MOSCOW, August 20 (RAPSI) – A Moscow court on Tuesday rejected a defamation lawsuit filed by former Pussy Riot lawyers against the Kommersant publishing house and lawyer Irina Khrunova, who represented one of the punk group members during the cassation stage, the RAPSI legal news agency reported from the courtroom.
Nikolai Polozov, Mark Feigin and Violetta Volkova filed a defamation lawsuit after Kommersant published an article titled, "A punk prayer can take you to Strasbourg." Polozov said the group's former legal team was portrayed in the article as incompetent for failing to send the necessary documents to the European Court of Human Rights (ECHR) in Strasbourg on time, while in fact the ECHR had accepted their complaint and even assigned it a number.
The lawsuit against Khrunova stems from her statement in the article that: "When the defense team filed the first complaint [with the ECHR], the court asked them to send additional documents, but they did not submit them to the court, so the application hasn't even been considered for review."
On Tuesday, the plaintiffs amended the claim. They asked the court to have the defendants publish a correction and pay damages, with Kommersant to pay 500,000 rubles ($15,000) to each plaintiff, Khrunova to pay 50,000 rubles ($1,500) to each plaintiff and Grigory Tumanov, the author of the article, to pay 100,000 rubles ($3,000) to each plaintiff.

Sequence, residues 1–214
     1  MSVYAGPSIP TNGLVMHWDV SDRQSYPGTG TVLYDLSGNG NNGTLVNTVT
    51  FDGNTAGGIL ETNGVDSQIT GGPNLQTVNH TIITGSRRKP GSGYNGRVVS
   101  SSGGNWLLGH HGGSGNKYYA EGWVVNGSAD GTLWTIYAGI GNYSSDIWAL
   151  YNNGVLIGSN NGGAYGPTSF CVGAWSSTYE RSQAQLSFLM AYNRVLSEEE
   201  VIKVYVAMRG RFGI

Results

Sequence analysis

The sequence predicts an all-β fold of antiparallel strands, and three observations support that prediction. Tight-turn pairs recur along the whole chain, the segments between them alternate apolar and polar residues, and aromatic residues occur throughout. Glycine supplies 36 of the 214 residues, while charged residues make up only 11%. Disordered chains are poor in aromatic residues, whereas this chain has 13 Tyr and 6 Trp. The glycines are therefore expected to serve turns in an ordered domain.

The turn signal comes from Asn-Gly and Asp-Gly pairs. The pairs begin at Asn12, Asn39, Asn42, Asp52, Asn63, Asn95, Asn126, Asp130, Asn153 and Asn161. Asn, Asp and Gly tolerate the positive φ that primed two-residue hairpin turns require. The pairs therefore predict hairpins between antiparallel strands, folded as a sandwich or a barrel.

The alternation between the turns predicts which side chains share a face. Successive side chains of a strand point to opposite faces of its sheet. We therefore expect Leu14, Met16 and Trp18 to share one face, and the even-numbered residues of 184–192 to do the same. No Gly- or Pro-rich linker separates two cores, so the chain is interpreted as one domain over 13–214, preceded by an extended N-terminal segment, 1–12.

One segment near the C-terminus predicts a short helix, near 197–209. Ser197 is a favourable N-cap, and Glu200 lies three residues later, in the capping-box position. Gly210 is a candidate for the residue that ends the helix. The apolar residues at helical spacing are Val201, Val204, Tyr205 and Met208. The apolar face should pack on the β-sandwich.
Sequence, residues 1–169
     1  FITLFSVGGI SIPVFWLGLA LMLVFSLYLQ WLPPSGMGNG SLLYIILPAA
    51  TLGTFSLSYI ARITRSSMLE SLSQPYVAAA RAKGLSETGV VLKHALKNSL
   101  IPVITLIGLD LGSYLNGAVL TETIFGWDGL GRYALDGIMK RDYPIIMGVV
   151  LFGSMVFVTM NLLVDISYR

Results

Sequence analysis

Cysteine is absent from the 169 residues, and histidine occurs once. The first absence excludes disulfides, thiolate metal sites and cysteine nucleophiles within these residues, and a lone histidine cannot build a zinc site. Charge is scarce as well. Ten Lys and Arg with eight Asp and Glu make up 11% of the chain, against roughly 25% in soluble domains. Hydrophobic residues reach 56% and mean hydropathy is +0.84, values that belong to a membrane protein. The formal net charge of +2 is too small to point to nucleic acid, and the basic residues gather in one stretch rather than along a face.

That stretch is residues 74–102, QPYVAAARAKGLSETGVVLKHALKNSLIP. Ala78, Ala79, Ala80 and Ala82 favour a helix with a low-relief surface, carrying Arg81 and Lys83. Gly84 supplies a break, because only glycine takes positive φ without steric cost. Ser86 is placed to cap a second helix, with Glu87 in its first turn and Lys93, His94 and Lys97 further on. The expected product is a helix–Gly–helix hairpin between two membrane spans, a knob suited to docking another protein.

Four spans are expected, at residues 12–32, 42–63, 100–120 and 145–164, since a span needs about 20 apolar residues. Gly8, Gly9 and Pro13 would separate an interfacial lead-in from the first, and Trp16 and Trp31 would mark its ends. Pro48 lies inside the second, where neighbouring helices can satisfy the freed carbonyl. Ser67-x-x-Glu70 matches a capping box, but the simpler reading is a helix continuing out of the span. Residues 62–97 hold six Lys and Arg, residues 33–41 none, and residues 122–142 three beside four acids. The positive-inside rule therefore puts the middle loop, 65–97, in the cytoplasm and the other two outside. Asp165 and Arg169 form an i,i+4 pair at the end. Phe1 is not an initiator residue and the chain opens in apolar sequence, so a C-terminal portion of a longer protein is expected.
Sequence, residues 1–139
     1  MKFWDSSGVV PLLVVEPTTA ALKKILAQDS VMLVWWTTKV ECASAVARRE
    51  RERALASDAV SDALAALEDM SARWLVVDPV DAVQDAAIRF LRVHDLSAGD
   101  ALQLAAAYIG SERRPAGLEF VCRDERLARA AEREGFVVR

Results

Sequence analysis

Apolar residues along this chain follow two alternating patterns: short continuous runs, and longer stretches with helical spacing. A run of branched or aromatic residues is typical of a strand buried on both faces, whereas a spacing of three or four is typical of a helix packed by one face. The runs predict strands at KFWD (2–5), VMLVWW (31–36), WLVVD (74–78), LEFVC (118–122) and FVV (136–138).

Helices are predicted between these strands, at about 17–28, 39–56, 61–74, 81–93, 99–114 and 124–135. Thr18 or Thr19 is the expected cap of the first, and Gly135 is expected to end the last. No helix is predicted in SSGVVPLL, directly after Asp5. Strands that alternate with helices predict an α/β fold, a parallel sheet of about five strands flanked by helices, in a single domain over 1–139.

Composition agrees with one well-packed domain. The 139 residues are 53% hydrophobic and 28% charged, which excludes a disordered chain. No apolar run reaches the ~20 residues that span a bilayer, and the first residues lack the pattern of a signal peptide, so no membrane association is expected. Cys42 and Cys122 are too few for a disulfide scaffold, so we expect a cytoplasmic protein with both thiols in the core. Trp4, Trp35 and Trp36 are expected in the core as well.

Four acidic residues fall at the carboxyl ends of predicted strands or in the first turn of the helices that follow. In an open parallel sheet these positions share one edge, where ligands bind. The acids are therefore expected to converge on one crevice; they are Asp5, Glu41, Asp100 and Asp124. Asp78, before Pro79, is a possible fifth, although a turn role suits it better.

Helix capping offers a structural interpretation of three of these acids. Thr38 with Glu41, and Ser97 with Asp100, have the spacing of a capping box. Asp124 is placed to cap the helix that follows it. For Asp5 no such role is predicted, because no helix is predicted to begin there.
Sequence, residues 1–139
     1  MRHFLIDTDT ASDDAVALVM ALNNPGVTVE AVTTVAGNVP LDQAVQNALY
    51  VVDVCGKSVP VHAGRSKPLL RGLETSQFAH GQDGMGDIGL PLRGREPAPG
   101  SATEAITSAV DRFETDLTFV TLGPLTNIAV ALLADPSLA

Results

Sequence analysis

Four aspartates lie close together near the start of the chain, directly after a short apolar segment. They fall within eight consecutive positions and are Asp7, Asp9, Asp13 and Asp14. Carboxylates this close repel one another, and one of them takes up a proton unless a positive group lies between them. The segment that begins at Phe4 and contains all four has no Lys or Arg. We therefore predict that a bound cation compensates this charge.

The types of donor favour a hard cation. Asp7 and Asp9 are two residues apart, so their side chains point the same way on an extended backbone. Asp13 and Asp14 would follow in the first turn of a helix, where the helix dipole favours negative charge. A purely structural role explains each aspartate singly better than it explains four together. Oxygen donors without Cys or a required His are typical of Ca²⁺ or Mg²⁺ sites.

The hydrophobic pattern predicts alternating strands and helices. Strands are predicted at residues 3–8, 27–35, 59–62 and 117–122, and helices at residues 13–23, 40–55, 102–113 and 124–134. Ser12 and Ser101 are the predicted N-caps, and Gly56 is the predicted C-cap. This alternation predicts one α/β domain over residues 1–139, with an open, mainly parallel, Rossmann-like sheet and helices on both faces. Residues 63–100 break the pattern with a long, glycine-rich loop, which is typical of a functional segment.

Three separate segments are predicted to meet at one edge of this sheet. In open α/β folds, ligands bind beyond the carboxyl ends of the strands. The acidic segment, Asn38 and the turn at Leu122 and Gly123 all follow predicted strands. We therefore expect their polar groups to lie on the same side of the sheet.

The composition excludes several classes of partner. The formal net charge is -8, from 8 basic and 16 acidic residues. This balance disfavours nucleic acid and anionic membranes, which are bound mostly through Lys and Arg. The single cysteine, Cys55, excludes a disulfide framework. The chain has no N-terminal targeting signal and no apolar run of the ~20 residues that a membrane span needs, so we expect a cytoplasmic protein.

In February 2012, five young women wearing brightly colored balaclavas staged a so-called punk prayer protest in Moscow's Christ the Savior Cathedral. An edited video of the performance was posted on the Internet and caused a public outcry.
In August 2012, a Moscow court sentenced Yekaterina Samutsevich, Nadezhda Tolokonnikova and Maria Alyokhina to two years in a prison colony for hooliganism.
In October 2012, another Moscow court changed Samutsevich's verdict to a suspended sentence and released her immediately based on her new attorneys' argument that she had been seized by security guards prior to reaching the altar.
The sentences of Alyokhina and Tolokonnikova were upheld.
In April 2013, a Russian court rejected Tolokonnikova's request for parole. Alyokhina's request for parole was also rejected, on May 23.
The three women were represented in court by Volkova, Polozov and Feigin. Shortly before her appeal was considered by the court, Samutsevich rejected Volkova's services. Tolokonnikova and Alyokhina also replaced their lawyers later when they were already in custody.